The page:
For 73-year-old lawyer Li Yuhan, the Chinese regime has become her nemesis. This human rights activist, known in Beijing as the “big sister” for her compassionate dedication to the defense of conscientious objector citizens, has suffered cruel treatment, physical and psychological torture since she entered the Chinese prison system on October 15, 2017.
At the beginning of her imprisonment, Li Yuhan had to go on hunger strike to allow herself to be treated humanely by the prison authorities, who, violating all ethical principles, subjected her to long periods without food, medication, or warm water, as reported to her son, Mr. Ma Wei, Ms. Yuhan’s defense lawyer.
This woman, whose legal representation in 2015, of Wang Yu, an internationally renowned criminal lawyer opposed to the Chinese regime, burned her ships in front of the partisan apparatus of the Asian nation.
Finally, Ms. Li Yuhan, after being detained in the city of Shenyang, Liaoning province, on spurious charges of “picking fights and stirring up trouble”, to which was added, on October 27, 2020, a new charge of “fraud in things”, has been under forced internment since October 20, 2021, when she was tried by a court that has not pronounced a final judgment. She is also denied release on parole due to her precarious health situation, affected by several heart attacks and lack of medication.
The situation for Mr. Tan Jiang, a civil defense lawyer, could not be worse. Mr. Tan Jiang suffers from high blood pressure, diabetes mellitus and syncope with loss of consciousness. His way of the cross began, on March 23, 2014, when he accompanied his colleagues, Jiang Tianyong, Wang Cheng and Zang Junjie to northern China, to Heilongjiang province, to investigate an alleged secret prison, used by the Chinese government in the forced disappearances of practitioners of Falun Gong, a spiritual discipline of the Buddha School persecuted by the Communist Party, which turned his citizen devotion into an object of repression by the Chinese regime.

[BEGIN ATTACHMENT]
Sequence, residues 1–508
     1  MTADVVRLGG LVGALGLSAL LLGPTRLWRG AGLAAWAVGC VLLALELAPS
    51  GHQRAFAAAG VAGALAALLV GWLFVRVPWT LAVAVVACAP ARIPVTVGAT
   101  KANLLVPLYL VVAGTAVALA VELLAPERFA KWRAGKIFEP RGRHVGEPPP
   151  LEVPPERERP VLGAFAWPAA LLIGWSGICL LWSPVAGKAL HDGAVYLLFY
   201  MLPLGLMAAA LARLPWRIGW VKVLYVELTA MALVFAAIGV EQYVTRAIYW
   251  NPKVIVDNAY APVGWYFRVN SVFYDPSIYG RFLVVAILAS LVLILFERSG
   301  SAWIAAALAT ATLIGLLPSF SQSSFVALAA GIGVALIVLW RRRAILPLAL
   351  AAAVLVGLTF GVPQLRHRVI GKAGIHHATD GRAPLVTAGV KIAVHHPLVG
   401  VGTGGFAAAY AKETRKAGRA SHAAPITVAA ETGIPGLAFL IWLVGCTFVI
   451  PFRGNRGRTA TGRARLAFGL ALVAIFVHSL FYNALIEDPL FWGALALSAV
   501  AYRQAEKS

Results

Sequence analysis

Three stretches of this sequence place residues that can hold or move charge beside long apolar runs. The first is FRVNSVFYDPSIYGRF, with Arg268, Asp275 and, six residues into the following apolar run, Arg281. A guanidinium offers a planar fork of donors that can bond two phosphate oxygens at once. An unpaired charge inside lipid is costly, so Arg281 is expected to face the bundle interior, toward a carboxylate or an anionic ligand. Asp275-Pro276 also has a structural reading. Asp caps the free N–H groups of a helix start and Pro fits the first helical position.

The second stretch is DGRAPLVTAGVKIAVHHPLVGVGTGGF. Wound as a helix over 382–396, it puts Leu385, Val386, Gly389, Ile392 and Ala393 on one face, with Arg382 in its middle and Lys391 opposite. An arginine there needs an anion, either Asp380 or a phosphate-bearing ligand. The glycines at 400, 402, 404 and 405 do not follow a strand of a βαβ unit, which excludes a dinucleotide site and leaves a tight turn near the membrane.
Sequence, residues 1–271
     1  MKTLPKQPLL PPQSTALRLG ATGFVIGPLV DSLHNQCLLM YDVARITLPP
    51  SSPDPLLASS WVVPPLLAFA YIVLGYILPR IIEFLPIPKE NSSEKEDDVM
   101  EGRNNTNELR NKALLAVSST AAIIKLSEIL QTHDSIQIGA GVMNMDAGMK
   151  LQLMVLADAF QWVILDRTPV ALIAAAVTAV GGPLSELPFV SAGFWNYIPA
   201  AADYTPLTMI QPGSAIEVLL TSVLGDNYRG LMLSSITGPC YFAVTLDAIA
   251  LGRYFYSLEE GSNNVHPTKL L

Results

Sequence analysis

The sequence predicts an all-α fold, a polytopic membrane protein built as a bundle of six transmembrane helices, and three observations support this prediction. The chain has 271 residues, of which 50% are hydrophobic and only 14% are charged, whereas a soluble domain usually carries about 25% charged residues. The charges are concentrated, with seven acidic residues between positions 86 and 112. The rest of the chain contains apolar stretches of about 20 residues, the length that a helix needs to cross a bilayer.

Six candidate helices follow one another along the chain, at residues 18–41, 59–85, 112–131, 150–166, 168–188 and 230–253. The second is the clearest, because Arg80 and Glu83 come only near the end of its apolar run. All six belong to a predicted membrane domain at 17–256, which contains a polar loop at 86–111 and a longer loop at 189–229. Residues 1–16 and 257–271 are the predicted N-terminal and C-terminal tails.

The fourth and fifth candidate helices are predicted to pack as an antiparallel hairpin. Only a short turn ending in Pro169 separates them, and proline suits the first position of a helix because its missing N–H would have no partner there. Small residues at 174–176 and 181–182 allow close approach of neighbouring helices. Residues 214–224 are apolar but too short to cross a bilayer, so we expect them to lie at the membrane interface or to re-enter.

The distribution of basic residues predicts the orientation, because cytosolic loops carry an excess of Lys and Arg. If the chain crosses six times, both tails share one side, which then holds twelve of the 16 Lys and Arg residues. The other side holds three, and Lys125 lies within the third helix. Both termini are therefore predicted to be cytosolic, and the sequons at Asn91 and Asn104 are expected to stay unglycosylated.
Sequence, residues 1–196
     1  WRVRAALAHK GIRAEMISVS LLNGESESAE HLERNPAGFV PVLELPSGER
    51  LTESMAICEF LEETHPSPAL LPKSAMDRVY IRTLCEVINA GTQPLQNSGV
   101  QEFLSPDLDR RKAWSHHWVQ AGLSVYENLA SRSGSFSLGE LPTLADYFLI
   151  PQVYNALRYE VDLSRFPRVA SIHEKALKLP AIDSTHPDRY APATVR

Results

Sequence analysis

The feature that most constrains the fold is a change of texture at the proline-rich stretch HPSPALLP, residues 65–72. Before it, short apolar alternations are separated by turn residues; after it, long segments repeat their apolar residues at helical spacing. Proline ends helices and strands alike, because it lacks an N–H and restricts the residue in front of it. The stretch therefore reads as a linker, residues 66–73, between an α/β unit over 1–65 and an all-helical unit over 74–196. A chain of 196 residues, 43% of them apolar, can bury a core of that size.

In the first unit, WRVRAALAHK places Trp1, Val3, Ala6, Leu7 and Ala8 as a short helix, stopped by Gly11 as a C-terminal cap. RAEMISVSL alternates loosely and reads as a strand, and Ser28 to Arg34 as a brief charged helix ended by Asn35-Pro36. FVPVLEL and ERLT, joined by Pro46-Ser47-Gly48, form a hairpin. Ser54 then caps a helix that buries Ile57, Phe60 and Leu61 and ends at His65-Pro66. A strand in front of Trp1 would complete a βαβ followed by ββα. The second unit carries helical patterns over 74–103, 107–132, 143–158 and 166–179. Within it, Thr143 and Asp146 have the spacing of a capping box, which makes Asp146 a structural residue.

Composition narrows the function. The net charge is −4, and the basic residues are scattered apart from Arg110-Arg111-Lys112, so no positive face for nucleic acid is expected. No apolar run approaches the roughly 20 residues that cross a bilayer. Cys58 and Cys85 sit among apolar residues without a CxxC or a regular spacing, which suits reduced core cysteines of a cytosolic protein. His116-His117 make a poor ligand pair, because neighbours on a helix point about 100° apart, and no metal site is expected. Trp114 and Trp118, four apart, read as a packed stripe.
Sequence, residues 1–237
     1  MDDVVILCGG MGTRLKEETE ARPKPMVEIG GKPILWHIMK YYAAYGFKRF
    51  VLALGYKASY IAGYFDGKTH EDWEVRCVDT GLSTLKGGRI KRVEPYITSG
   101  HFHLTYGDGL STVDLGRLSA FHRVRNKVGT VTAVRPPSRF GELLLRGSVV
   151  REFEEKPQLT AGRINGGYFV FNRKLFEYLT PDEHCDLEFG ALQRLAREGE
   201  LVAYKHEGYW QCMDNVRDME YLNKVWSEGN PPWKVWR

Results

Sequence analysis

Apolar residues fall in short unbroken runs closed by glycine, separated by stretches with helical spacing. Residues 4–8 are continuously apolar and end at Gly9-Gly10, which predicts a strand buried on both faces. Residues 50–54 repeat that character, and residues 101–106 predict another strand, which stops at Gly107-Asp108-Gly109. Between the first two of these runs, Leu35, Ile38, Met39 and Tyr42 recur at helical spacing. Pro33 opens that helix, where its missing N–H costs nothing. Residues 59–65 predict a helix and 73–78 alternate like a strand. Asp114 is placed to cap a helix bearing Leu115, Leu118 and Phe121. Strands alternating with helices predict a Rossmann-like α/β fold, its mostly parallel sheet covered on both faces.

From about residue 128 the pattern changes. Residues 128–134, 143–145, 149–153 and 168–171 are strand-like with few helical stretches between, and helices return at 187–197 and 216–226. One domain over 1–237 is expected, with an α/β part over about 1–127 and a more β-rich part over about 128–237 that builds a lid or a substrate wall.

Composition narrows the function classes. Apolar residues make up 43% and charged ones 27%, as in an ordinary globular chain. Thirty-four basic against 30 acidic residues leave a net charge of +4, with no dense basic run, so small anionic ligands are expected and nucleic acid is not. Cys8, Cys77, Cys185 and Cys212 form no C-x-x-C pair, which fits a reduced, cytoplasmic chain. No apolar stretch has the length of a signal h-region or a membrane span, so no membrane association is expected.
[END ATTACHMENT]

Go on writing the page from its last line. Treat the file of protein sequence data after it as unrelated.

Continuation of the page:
His last imprisonment, on December 10, 2021, when Tan Jiang was expected to travel to an event in the European Union for the celebration of the International Human Rights Day, which was taken advantage of by the repressive communist security apparatus for his kidnapping and forced internment, has become his tomb. Only a few news have transcended outside the prison walls, and place Mr. Tan as a victim of cruel and life-threatening treatment and torture.
Wang Yu: “The darkest moment”
After the death on July 13, 2017 of Nobel Peace Prize Laureate (2010) Liu Xiaobo, a prisoner of conscience of the Chinese regime until shortly before his death, and noting the Chinese communist party that the imprisonment and physical disappearance of this human rights defender did not affect its infiltration in the West, neither did it put a brake on investments by foreign companies in communist territory, much less the great support for the Maoist agenda by world leaders and governments.
The Communist Party Central Committee was tasked with a wave of mass arrests of opinion leaders, artists, lawyers, dissidents and prominent members of civil society who went to prison in 2017.
William Nee, research and advocacy coordinator for the NGO: Human Rights Defenders, told Deutsche Welle (DW) that the Chinese regime is interested in keeping these imprisoned human rights lawyers quiet, and expends enormous efforts in cruel treatment against them because their death has no political cost to China’s grand totalitarianism.
The silence of the international community is breaking, but there is still a certain inertia of free Western institutions and democracies such as Japan, which, because of huge economic interests and pressure from the Chinese Foreign Ministry, maintain a wall of complicity with the Communist Party.
Recently, the Office of the United Nations (UN) High Commissioner for Human Rights and its representative, Michelle Bachelet, assured that they had received pressure from Beijing to delay or not to make public the report on human rights violations by the Chinese Communist Party.
Also the lawyer. Wang Yu, commented to D. W: “Due to the government’s tightening of the environment, the space for human rights protection in China is getting smaller and smaller, and fewer and fewer people dare to do things. I don’t know how bad the situation will be in the future? he asked. If we look at the situation we have experienced in the past, now is the darkest time.”
In this sense, the denunciations of Mr. Willian Nee and several other organizations that watch over the lives of political prisoners are very important. Interviewed by Deutsche Welle, they have not stopped, since September 13 of this year, alerting the international community about the lives of Li Yuhan and Tan Jiang, two human rights lawyers who will soon die if they are not released from prison.